* “Put Low-Cost Fresh Veggies on Your Table: Listener Best Money Management Tip,” with Susan Tiffany, director of personal finance information for adults, CUNA's Center for Personal Finance, Madison, Wis.; * “Investing for Retirement? Don’t Forget to Replenish Your Portfolio With Its Returns,” with Eric Sheerin, financial adviser and registered financial consultant, Barber Financial Group, Lenexa, Kan.; * “What is Shared Branching?” with Craig Beach, senior vice president marketing and business development, Co-op Shared Branching, Duluth, Ga.; * Seven Questions to Ask Before Buying a Condo or Co-Op Insurance Policy,” with Ethan Ewing, president, Bills.com, San Mateo, Calif.; and * Host Paul Berry Answers Your Questions: Credit card loss protection insurance, reducing debt quickly, home equity loans with no closing costs, rent-to-own.
Home & Family Finance is a resource center for personal finance information at CUNA. The radio show is sponsored by CO-OP Network, the national credit union ATM network; Cabot Creamery Cooperative, maker of award-winning cheddar; Visa; and Western Corporate FCU and its member credit unions. For more information, read, “401(k) Fees: Know What You're Paying, What You're Getting,” in Home & Family Resource Center.

Avoid decimal point blues when paying bills online

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WASHINGTON (7/16/08)--An easy way to “go green” with finances is to pay bills online. But you quickly can wipe out the benefits of online bill payment if you accidentally ditch the decimal point, add zeros when you don’t have to, or neglect to take adequate precautions with your private information (AARP Magazine July/August 2008). Online bill-pay clearly is safer than receiving paper statements and sending paper checks via snail mail--crooks can heist account numbers from mailed credit card bills, steal Social Security numbers from unsecured documents, or run off with incoming mail from unlocked mailboxes. Or, your payment could be misdirected or lost altogether. Good advice: Don’t type “00” to indicate "no cents." If you accidentally misplace the decimal point when entering the amount, and have used the 00s, you may unwittingly authorize a payment 100 times the intended amount. You need only enter the whole dollars, for example, $68, not $68.00. Some software automatically will fill in the cents columns for you. If you use online banking to pay your bills, be aware of some simple do’s and don’ts:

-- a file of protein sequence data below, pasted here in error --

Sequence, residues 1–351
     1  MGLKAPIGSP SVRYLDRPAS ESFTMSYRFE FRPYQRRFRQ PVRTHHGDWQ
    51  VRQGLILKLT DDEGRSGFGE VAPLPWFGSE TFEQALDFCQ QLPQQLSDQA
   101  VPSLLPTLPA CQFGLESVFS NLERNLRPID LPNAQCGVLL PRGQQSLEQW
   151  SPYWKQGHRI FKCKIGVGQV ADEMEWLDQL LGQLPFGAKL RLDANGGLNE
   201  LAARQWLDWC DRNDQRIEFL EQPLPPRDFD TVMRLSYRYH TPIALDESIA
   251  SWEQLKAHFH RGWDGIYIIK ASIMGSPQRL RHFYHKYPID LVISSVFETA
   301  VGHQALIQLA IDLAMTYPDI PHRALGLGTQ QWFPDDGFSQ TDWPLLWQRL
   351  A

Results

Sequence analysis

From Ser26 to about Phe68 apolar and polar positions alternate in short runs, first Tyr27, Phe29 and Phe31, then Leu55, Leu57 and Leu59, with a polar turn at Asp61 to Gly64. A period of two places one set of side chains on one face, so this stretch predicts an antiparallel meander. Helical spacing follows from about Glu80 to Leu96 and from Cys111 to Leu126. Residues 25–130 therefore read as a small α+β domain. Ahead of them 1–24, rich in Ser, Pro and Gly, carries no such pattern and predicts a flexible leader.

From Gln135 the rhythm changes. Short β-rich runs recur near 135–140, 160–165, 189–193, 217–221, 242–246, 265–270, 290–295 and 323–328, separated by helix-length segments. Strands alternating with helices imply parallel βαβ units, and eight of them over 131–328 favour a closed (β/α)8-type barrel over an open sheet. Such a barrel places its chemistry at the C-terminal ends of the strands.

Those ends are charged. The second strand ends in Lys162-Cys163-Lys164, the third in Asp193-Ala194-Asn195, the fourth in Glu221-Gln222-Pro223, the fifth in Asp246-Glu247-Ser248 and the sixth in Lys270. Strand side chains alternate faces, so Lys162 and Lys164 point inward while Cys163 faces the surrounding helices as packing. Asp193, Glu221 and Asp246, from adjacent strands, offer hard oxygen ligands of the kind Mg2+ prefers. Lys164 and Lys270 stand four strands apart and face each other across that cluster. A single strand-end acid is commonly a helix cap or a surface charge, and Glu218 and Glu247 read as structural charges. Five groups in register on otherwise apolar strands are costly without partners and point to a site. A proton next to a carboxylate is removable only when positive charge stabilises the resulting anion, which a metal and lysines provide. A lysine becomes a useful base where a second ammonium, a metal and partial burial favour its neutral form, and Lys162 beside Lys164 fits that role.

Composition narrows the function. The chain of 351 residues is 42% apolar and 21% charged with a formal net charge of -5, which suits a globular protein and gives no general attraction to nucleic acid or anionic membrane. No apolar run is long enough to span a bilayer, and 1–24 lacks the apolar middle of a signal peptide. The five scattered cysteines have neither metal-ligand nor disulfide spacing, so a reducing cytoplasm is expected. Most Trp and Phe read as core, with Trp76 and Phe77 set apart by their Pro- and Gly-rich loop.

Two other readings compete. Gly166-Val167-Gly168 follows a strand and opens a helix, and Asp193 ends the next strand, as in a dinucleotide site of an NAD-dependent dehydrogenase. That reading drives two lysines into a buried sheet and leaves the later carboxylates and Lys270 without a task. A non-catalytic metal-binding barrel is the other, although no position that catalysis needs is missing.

* Do install a firewall. Visit download.com for software reviews and downloads. * Do use caution with automated payments. AARP recommends using automated payments only for mortgage payments or savings plans--typically those with consistent payment amounts over time. * Do check your budget often. Will you have sufficient funds in your account by the payment date? * Do a double-take. Log back in later and make sure the payments were sent and processed correctly. * Don’t click "Send" too quickly. Is the decimal point in the right place? Did you type the amount correctly? * Don’t forget to log out. Avoid public computers for any type of financial activity, and never use the “Remember my password” option--even at home. * Don’t hand over personal information. If you’re asked for personal information in an e-mail message or over the phone, that’s a red flag. Hit delete or hang up. And remember, your credit union would never call to ask you this type of information; it already has the information on file.

Discard your electronics without compromising your ID

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MADISON, Wis. (7/14/08)--When discarding computerized electronics, such as PDAs (personal digital assistants), cell phones, and computers, you may be setting yourself up as an identity theft victim by improperly erasing--or not erasing at all--your personal information from the device, says the Credit Union National Association's center for personal finance. Deleting data via the computer’s recycling bin erases only the record of the file, not the data the file points to. With the right tools, the “deleted” data still is retrievable. Similarly, erasing data on cell phones or PDAs by resetting them--or using the “clear” option on the interface--leaves private information stored in flash memory and available for thieves, according to the website of Massachusetts Institute of Technology’s Information Services and Technology (IS&T), Cambridge, Mass. Identity theft is a steadily growing crime and can cost victims endless hours and dollars trying to salvage their credit and clear their name. However, you can protect yourself. IS&T suggests several ways to wipe out personal data when selling or recycling old equipment. For mobile devices: